As if all of the aforementioned benefits weren't sufficient, Ashwagandha also supports the function of the thyroid, liver and pancreas. After being administered on a daily basis for 20 days, mice experienced an increase in both T3 and T4 thyroid hormones. In the same study, Ashwagandha also decreased free radical activity in the liver.33 In another study, a combination of Ashwagandha and other herbs (Tinospora cordifolia, Eclipta alba, Ocimum sanctum, Picrorrhiza kurroa and shilajit) administered once daily for 28 days decreased blood sugar levels in diabetic rats, and decreased free radical activity in their pancreas as well. This activity in the pancreas is important since the reduction in blood sugar may be due to pancreatic free radical scavenging activity, which protects the cells that produce insulin.34

Safety
To determine any potential toxicity of Ashwagandha (as well as Panax Ginseng), a study was conducted in rats with 90 days oral administration using three doses. Food consumption, body weight, haematological, biochemical and histopathological parameters were studied. The results were that brain, heart, lung, liver, spleen, kidneys, stomach, testis and ovaries were normal on gross examination and histopathologically. Sub-acute toxicity studies in rats did not reveal any toxicity.35 Apparently, Ashwagandha is a safe herb. Even so, one research has suggested that Ashwagandha is contraindicated during pregnancy.36

References

  1. Choudhary M, et al, Phytochemistry (1995) 40(4):1243-6.
  2. Lindner S, Australian Journal of Medical Herbalism (1996) 8(3):78-82.
  3. Choudhary M, et al, Phytochemistry (1995) 40(4):1243-6.
  4. Elsakka M, et al, Rev Med Chir Soc Med Nat Iasi (1990) 94(2):385 7.
  5. Ibid.
  6. Davis L, Kuttan G, J Ethnopharmacol (1998) 62(3):209 14.
  7. Kuttan G, Indian J Exp Biol (1996) 34(9):854 6.
  8. Praveenkumar V, et al, Tumori (1994) 80(4):306 8.
  9. Ganasoundari A, Zare SM, Devi PU, Br J Radiol (1997) 70(834):599 602.
  10. Devi PU, Indian J Exp Biol (1996) 34(10):927 32
  11. Sharad AC, et al, Acta Oncol (1996) 35(1):95 100.
  12. Devi PU, Int J Radiat Biol (1996) 69(2):193 7.
  13. Devi PU, Sharada AC, Solomon FE, Cancer Lett (1995) 95(1 2):189 93.
  14. Devi PU, Sharada AC, Solomon FE, Indian J Exp Biol (1993) 31(7):607 11.
  15. Devi PU, et al, Indian J Exp Biol (1992) 30(3):169 72.
  16. Dhuley JN, Immunopharmacol Immunotoxicol (1998) 20(1):191 8.
  17. Dhuley JN, J Ethnopharmacol (1997) 58(1):15 20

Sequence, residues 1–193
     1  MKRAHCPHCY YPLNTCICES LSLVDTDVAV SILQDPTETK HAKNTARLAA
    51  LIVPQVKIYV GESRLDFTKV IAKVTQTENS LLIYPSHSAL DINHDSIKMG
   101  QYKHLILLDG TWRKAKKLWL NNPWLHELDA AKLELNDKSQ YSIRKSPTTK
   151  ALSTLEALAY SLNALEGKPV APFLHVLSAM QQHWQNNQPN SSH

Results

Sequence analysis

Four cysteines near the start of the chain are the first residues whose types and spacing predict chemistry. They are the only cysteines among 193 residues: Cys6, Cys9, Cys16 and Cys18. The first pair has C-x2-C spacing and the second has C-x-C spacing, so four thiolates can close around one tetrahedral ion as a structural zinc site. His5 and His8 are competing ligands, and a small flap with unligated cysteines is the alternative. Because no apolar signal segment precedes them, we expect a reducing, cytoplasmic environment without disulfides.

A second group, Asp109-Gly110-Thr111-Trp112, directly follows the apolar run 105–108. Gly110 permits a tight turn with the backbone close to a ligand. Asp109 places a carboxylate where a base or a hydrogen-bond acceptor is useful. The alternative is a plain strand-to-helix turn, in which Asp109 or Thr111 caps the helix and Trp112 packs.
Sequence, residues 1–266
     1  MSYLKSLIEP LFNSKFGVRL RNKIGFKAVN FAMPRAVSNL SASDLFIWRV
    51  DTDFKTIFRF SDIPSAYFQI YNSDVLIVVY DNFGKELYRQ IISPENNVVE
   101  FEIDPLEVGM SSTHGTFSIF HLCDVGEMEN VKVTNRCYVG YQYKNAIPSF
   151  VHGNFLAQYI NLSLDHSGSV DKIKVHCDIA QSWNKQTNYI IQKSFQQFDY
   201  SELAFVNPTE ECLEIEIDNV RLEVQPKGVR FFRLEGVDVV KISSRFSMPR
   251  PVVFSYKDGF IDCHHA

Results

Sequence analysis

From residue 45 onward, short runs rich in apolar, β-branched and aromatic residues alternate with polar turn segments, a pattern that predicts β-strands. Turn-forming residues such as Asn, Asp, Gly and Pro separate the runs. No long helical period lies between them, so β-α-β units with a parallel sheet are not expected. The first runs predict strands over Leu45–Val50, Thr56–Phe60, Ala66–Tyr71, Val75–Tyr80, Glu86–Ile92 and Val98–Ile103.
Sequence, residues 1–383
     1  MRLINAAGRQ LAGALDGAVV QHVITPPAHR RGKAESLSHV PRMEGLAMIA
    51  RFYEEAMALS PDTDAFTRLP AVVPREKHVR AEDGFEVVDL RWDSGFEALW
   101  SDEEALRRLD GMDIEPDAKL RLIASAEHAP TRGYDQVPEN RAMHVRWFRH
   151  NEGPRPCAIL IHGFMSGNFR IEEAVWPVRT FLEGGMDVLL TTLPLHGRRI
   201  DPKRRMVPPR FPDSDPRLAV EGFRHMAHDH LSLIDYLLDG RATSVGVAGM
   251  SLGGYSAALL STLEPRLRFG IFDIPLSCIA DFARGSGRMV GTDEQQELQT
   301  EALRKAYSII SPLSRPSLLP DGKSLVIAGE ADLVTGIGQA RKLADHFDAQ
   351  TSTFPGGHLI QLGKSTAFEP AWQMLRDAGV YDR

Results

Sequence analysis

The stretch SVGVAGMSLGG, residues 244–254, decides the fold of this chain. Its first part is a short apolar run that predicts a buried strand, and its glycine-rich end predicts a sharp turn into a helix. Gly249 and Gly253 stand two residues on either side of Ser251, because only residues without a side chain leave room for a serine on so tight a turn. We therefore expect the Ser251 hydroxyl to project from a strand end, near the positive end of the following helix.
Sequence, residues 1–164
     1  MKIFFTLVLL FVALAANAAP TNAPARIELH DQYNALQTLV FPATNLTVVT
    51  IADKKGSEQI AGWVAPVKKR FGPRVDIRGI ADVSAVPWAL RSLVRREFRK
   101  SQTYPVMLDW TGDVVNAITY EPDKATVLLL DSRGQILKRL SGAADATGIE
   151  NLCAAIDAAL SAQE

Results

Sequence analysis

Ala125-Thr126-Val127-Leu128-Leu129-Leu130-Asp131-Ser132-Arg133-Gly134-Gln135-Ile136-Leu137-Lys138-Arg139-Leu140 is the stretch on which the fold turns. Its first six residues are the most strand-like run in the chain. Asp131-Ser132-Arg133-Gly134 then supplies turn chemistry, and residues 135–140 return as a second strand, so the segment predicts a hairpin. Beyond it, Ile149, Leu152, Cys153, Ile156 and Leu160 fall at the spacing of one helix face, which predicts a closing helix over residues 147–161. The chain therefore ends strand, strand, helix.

18. Ziauddin M, J Ethnopharmacol (1996) 50(2):69 76.
  19. Dahanukar S, Thatte U, Phytomedicine (1997) 4(4):359-368.
  20. Panda S, Kar A, J Pharm Pharmacol (1998) 50(9):1065 8.
  21. Dhuley JN, J Ethnopharmacol (1998) 60(2):173 8.
  22. Bhattacharya SK, Satyan KS, Ghosal S, Indian J Exp Biol (1997) 35(3):236 9.
  23. Bhattacharya SK, Satyan KS, Chakrabarti A, Indian J Exp Biol (1997) 35(3):297 9.
  24. Schliebs R, et al, Neurochem Int (1997) 30(2):181 90.
  25. Mehta AK, et al, Indian J Med Res (1991) 94:312 5.
  26. Katiyar CK, et al, Immunomodulator Products from Ayurveda: Current status and future perspectives. In: Immunomodulation, S.N. Upadhyay (Ed), (1997) Narosa Publishing House, New Delhi, India, pp. 163-187.
  27. Linder, op cit
  28. al Hindawi MK, al Khafaji SH, Abdul Nabi MH, J Ethnopharmacol (1992) 37(2):113 6.
  29. Al Hindawi MK, et al, J Ethnopharmacol (1989) 26(2):163 8.
  30. Kulkarni RR, et al, J Ethnopharmacol (1991) 33(1 2):91 5.
  31. Grandhi, et al, Journal of Ethnopharmacology (1994) 44:131-135.
  32. Kulkarni SK, Ninan I, J Ethnopharmacol (1997) 57(3):213 7.
  33. Panda S, Kar A, J Pharm Pharmacol (1998) 50(9):1065 8.
  34. Bhattacharya SK, Satyan KS, Chakrabarti A, Indian J Exp Biol (1997) 35(3):297 9.
  35. Aphale AA, et al, Indian J Physiol Pharmacol (1998) 42(2):299 302.
  36. Linder, op cit

Gene Bruno, MS, MHS

Gene Bruno is the Dean of Academics and Professor of Dietary Supplement Science for Huntington College of Health Sciences (a nationally accredited distance learning college offering diplomas and degrees in nutrition and other health science related subjects. Gene has two undergraduate Diplomas in Nutrition, a Bachelor’s in Nutrition, a Master’s in Nutrition, a Graduate Diploma in Herbal Medicine, and a Master’s in Herbal Medicine. As a 32 year veteran of the Dietary Supplement industry, Gene has educated and trained natural product retailers and health care professionals, has researched and formulated natural products for dozens of dietary supplement companies, and has written articles on nutrition, herbal medicine, nutraceuticals and integrative health issues for trade, consumer magazines, and peer-reviewed publications. Gene's latest book, A Guide to Complimentary Treatments for Diabetes, is available on Amazon.com, and other fine retailers.